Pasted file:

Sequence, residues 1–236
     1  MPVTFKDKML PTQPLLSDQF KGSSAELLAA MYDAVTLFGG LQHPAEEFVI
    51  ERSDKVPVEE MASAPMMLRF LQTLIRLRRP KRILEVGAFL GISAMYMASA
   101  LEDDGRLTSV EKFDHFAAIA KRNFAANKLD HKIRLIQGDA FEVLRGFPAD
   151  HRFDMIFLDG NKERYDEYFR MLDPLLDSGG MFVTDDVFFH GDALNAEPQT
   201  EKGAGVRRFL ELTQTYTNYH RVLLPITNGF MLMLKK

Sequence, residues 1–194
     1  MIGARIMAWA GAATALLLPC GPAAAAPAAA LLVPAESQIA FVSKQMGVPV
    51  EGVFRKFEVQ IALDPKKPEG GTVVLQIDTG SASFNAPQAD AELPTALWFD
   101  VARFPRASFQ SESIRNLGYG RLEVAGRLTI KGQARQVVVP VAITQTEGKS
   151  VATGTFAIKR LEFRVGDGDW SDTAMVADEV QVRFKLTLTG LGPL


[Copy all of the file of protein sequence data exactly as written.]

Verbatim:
Sequence, residues 1–236
     1  MPVTFKDKML PTQPLLSDQF KGSSAELLAA MYDAVTLFGG LQHPAEEFVI
    51  ERSDKVPVEE MASAPMMLRF LQTLIRLRRP KRILEVGAFL GISAMYMASA
   101  LEDDGRLTSV EKFDHFAAIA KRNFAANKLD HKIRLIQGDA FEVLRGFPAD
   151  HRFDMIFLDG NKERYDEYFR MLDPLLDSGG MFVTDDVFFH GDALNAEPQT
   201  EKGAGVRRFL ELTQTYTNYH RVLLPITNGF MLMLKK

Sequence, residues 1–194
     1  MIGARIMAWA GAATALLLPC GPAAAAPAAA LLVPAESQIA FVSKQMGVPV
    51  EGVFRKFEVQ IALDPKKPEG GTVVLQIDTG SASFNAPQAD AELPTALWFD
   101  VARFPRASFQ SESIRNLGYG RLEVAGRLTI KGQARQVVVP VAITQTEGKS
   151  VATGTFAIKR LEFRVGDGDW SDTAMVADEV QVRFKLTLTG LGPL